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When a man entered into military service in Sweden, it was often the case that he would acquire a new surname. This practice was necessary to avoid the confusion of having multiple soldiers with the same given and patronymic surnames. For example, how would 5 men all named Olof OLofsson know when their name was called? To avoid this confusion new soldiers were assigned a new surname. These surnames often were references to aspects of military life, such as Modig (courageous), Tapper (brave), Frimodig (fearless, frank), and Stark (strong). Sometimes, references were made to weaponry. Examples of this practice are Svärd (sword), Skjöld (shield), Spjut (spear), and Lans (lance).

Certain military surnames were assigned to the soldier residence found in nearly every parish. As the new recruit took over for his predecessor, the recruit often assumed the surname assigned to that particular soldier residence. You cannot assume that there is a relationship between two men who share the same soldier surname. Rarely, is there a family connection between two soldiers with similar surnames.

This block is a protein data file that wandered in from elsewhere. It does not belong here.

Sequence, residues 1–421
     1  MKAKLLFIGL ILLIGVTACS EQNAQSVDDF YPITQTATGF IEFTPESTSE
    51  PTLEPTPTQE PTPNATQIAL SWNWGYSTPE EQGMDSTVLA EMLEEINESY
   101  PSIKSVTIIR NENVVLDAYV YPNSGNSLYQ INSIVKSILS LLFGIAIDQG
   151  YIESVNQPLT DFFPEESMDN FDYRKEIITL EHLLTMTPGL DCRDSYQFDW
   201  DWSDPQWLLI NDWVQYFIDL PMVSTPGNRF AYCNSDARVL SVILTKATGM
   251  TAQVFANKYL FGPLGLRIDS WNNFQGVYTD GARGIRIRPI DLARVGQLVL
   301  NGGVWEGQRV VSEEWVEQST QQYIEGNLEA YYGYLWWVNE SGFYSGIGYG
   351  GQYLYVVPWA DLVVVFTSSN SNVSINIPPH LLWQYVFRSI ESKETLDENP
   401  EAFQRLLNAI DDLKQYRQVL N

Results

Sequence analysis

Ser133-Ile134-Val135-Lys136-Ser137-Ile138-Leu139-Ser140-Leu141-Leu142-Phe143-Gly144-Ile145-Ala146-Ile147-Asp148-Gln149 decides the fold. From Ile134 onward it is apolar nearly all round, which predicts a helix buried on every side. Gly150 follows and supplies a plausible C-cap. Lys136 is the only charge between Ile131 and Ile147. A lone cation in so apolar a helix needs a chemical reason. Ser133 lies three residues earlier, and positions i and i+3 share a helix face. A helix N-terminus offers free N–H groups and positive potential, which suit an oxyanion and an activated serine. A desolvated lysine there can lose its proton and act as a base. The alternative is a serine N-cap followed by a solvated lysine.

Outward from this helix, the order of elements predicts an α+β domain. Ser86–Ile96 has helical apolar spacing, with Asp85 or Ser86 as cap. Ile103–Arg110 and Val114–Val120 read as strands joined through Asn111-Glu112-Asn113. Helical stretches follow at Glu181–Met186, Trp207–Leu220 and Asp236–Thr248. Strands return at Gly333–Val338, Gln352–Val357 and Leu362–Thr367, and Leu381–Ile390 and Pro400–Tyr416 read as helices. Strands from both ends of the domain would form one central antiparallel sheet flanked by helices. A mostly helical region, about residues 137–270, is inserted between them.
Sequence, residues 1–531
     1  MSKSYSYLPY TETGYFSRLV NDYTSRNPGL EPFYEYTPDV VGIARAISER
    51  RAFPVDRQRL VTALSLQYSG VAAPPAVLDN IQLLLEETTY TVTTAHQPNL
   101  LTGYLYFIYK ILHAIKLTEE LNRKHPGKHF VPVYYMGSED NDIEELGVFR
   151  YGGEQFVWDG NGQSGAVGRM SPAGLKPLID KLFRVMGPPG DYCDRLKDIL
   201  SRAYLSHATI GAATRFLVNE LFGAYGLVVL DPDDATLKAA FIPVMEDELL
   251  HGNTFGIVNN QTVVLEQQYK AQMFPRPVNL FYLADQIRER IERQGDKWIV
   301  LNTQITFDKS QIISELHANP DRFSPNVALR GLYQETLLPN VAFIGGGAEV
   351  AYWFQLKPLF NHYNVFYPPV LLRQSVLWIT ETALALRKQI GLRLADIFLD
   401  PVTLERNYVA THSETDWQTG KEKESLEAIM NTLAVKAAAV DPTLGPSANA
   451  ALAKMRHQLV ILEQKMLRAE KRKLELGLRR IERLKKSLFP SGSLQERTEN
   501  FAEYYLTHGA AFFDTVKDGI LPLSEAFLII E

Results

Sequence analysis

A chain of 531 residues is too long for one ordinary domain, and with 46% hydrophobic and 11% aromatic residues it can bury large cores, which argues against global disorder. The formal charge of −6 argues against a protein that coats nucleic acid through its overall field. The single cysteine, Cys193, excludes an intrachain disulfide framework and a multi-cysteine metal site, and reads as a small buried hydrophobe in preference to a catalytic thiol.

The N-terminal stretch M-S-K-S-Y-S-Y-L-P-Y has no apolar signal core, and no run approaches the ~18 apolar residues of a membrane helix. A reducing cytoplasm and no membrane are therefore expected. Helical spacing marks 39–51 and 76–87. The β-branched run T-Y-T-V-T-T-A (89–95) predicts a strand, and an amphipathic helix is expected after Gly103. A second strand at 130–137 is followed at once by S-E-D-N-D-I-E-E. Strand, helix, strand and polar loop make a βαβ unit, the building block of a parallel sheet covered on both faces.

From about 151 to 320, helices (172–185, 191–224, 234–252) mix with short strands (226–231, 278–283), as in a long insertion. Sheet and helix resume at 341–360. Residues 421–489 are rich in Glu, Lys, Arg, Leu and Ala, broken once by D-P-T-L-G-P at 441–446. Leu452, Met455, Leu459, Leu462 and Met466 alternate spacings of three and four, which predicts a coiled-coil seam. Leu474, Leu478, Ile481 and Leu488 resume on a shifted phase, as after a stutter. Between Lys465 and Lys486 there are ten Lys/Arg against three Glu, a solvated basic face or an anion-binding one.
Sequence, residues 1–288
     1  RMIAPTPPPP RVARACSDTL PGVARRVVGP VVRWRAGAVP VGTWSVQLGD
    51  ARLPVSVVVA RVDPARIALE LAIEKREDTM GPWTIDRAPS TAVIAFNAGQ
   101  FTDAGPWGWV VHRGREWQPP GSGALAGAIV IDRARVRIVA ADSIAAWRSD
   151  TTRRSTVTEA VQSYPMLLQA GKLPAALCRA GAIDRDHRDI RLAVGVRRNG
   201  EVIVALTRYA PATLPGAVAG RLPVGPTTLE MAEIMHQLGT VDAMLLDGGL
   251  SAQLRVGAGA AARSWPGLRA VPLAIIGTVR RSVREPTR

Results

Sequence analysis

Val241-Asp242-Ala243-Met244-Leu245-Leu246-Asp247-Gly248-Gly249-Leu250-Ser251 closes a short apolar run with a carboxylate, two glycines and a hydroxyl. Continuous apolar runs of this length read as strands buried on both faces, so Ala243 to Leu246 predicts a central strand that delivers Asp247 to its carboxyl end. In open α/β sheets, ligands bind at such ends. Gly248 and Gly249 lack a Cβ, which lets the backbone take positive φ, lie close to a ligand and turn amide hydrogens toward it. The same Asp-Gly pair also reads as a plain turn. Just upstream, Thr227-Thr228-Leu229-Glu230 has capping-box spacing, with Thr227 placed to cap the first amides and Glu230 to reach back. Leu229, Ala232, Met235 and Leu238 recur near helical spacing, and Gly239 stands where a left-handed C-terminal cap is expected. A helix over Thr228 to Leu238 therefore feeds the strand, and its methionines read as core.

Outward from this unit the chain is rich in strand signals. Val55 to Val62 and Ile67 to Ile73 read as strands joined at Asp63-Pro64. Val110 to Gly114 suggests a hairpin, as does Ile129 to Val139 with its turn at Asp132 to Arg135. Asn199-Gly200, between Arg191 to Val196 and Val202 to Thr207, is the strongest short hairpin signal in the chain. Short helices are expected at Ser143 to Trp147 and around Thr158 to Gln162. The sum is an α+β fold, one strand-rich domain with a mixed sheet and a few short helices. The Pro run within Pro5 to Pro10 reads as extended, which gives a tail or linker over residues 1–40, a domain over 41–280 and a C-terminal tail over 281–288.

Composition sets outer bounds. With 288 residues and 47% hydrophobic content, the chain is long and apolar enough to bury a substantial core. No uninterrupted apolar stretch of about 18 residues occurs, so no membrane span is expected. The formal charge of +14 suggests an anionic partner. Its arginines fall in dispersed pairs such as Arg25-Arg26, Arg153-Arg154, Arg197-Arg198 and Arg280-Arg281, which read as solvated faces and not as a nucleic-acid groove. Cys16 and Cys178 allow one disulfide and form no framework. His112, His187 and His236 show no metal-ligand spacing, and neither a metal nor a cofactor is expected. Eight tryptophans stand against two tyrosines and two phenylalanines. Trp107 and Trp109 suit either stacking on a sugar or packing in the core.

Soldier surnames can indicate a reference to the locale from where a soldier may have come. For example, the surname Ekberg may indicate that the soldier is from a place called “Ekeby”.

Children of a soldier father had the option of taking their father’s military surname as their personal surname or instead, may have decided to take their correct patronymical surname, based upon their father’s given name. For example, the children of soldier Anders Ljungström may have used either the Ljungström surname or chosen instead to be known as Andersson orAndersdotter.
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Here are some examples of common Swedish soldier surnames:

Ahlström Ljungqvist
Blixt Lång
Hasselstrand Malmsten
Högström Sundqvist
Kronlöv Örnhult

 

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